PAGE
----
“Boxing vs. the Savate” (1899)

A decidedly outraged British newspaper report on a controversial savate vs. boxing contest held in Paris on Oct. 19th, 1899. For insight into how this and other prominent savate exhibitions may have influenced Bartitsu, see “The tricks of other trades”; French boxing at the Alhambra (1898) and Speculations on Bartitsu (kick)boxing.

The boxing competition between Jerry Driscoll and M. Charlemont, which took place here yesterday, ended in a fiasco. Driscoll boxed in the English fashion, while Charlemont, wearing ordinary walking boots, used his hands and feet indifferently. The alleged sportsmen who organised this exhibition considered that it would decide the superiority of one style of boxing over the other, and it was surprising to hear them explain how, without the slightest doubt, Driscoll’s legs were to be broken by the first kick from his terrible adversary.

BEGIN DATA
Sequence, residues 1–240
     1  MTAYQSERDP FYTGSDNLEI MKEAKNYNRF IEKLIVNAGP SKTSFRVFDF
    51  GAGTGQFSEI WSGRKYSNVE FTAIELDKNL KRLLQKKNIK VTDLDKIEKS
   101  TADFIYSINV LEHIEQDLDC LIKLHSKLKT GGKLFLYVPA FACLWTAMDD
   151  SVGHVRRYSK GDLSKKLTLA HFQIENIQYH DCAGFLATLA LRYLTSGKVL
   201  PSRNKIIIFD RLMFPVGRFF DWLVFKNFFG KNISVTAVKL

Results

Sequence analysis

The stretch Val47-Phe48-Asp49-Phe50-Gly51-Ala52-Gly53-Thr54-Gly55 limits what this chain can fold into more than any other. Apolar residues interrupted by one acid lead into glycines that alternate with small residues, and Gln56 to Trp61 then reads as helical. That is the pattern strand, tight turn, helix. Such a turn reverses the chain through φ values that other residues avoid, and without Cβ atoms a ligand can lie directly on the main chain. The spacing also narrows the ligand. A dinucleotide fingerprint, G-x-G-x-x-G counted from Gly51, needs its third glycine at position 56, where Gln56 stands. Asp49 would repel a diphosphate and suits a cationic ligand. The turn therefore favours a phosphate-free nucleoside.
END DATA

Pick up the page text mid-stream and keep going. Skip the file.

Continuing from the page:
The fight took place in a riding school in the Rue Pergolese, and during six rounds Driscoll knocked his man all over the ring. In the seventh he received a foul kick in an extremely dangerous and sensitive spot, expressly forbidden by the rules, and was counted out.

Conditions of the Match

The conditions on which the encounter took place were that 4oz. gloves were to be used, the Frenchman being allowed to wear walking boots without nails. Ten two-minute rounds were to be fought, the intervals to be one minute. A competitor leaning on the ropes or lying on the ground for ten seconds was to be counted out. Another rule provided that no such blow as that which terminated the contest was to be given.

Both Charlemont and Driscoll were in good condition, but the Frenchman, though powerful, did not possess the physique of his opponent. He seemed, however, before operations began to be lighter and more graceful. One would have expected him to be quicker, but the sequel showed the contrary, and, indeed, its comparative slowness is one of the disadvantages of French boxing, which is almost useless for defensive purposes except to trained experts.